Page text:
U.S. Risks Losing Edge in HPC, Supercomputing, Report Says

by Jeffrey Burt

Facing growing competition from China and other countries, the U.S. must take steps to accelerate its HPC efforts, according to the ITIF.

Last year, President Obama issued an executive order aimed at accelerating the development of high-performance computing systems in the United States.

The executive order created the National Strategic Computing Initiative (NSCI), an initiative to coordinate federal government efforts and those of public research institutions and the private sector to create a comprehensive, long-term strategy for ensuring the United States retains its six-decade lead in research and development of HPC systems.

Noting the importance of supercomputers in government, industry and academia, Obama wrote the country's momentum in high-performance computing (HPC) needed a "whole of government" approach that incorporates public and private efforts.

"Maximizing the benefits of HPC in the coming decades will require an effective national response to increasing demands for computing power, emerging technological challenges and opportunities, and growing economic dependency on and competition with other nations," the president wrote. "This national response will require a cohesive, strategic effort within the Federal Government and a close collaboration between the public and private sectors."

However, according to a recent report, the United States' lead in the space is not ensured, and that other regions and countries—in particular, China—are making concerted efforts to expand their capabilities in the design, development and manufacturing of supercomputers and the components that make up the systems.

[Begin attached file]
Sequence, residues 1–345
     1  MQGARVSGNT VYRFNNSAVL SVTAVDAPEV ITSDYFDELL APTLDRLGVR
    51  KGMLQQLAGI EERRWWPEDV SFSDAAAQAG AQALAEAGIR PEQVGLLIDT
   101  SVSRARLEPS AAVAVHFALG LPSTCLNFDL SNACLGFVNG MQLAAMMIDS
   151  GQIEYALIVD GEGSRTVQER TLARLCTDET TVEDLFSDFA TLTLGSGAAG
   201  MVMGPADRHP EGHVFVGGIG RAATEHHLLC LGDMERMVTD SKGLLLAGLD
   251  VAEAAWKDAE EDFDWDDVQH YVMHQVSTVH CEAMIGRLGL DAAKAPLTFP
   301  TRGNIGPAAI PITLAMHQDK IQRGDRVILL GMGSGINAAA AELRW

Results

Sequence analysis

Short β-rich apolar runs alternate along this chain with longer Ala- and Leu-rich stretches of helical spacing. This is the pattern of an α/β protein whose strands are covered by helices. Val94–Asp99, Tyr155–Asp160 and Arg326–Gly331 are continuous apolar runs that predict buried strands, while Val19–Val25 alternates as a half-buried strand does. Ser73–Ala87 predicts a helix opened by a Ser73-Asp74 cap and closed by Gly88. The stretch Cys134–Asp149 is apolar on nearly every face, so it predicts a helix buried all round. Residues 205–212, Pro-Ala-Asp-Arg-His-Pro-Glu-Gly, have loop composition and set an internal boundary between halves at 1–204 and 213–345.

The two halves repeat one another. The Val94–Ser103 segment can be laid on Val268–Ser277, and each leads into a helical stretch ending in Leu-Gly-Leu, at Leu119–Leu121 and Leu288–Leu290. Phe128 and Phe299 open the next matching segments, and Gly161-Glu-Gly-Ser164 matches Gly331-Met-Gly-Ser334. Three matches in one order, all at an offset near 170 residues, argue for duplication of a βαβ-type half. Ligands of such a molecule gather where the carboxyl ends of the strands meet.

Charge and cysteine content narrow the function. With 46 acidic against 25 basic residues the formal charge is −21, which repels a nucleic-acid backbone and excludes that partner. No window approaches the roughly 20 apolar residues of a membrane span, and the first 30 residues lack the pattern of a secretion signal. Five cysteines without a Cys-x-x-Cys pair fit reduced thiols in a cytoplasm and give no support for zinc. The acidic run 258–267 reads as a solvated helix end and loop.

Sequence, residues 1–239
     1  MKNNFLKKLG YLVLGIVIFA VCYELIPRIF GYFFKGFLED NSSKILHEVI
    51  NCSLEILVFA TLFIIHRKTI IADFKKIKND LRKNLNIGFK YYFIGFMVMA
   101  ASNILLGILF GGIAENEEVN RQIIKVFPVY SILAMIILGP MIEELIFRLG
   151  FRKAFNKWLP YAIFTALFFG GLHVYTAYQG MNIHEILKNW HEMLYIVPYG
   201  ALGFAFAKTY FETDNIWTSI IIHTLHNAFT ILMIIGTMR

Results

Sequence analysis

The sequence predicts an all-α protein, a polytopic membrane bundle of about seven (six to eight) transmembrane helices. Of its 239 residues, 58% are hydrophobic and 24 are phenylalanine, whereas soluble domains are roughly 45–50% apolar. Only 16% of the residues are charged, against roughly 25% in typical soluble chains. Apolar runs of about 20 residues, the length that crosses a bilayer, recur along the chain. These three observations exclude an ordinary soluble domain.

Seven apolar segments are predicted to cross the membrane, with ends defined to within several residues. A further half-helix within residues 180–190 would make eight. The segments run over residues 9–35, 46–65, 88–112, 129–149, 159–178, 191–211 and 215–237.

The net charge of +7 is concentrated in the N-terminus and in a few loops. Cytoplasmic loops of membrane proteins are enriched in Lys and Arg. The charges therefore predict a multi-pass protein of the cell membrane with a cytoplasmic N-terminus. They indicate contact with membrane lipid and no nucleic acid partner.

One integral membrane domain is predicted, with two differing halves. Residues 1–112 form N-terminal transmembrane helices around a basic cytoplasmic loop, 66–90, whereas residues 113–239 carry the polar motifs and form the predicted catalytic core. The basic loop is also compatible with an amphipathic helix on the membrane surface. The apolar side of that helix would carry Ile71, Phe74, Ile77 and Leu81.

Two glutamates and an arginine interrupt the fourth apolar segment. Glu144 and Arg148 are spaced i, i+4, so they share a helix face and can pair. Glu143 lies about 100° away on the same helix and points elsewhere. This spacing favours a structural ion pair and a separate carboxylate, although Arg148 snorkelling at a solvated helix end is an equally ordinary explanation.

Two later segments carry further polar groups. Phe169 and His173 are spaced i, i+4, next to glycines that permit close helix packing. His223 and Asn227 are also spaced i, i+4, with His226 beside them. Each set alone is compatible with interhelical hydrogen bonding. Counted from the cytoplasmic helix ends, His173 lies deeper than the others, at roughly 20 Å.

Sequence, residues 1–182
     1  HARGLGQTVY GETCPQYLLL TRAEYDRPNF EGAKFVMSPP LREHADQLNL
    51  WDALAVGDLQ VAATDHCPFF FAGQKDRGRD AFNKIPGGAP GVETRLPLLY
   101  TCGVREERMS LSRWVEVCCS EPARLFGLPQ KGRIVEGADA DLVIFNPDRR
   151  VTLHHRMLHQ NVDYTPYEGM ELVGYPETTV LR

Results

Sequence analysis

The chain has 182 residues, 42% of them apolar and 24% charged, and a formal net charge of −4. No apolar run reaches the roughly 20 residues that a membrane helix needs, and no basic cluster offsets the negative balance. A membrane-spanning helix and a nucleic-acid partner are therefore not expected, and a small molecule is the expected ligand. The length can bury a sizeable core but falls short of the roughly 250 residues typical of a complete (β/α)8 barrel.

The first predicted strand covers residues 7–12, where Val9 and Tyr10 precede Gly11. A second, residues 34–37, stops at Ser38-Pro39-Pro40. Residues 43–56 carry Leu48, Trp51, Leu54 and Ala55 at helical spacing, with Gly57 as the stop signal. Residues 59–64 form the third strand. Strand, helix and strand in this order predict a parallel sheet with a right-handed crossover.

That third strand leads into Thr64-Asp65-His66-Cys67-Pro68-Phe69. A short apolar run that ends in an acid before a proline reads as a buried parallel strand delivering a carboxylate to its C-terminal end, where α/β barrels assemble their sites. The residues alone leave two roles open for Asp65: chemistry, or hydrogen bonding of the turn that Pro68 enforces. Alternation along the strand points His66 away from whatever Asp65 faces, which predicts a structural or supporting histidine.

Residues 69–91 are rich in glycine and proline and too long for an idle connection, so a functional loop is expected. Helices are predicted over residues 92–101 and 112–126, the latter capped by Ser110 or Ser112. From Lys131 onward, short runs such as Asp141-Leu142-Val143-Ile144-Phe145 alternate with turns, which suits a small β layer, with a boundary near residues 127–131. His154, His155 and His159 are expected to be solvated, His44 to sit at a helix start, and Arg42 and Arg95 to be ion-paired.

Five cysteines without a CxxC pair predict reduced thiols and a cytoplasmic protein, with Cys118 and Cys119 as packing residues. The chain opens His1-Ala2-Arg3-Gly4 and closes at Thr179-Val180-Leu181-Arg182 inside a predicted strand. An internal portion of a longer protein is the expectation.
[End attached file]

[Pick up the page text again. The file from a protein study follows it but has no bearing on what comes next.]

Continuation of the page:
The authors of the report by the Information Technology and Innovation Foundation (ITIF) stressed the importance to the United States of the HPC market—to everything from national security to economic development—and listed steps Congress must make to keep the country at the forefront of HPC and supercomputer development.

"Recognizing that both the development and use of high-performance computing are vital for countries' economic competitiveness and innovation potential, an increasing number of countries have made significant investments and implemented holistic strategies to position themselves at the forefront of the competition for global HPC leadership," the authors, Stephen Ezell and Robert Atkinson, wrote. "The report details how China, the European Union, Japan, and other nations have articulated national supercomputing strategies and announced significant investments in high-performance computing."

The United States needs to meet and exceed those efforts, the authors wrote.


"The United States currently leads in HPC adoption, deployment, and development, but its future leadership position is not guaranteed unless it makes sustained efforts and commitments to maintain a robust HPC ecosystem," they wrote.

The report describes HPC as the use of supercomputers and massively parallel processing technologies to address complex computational challenges, using such techniques as computer modeling, simulation and data analysis. It includes everything from computer hardware to algorithms and software running in a single system.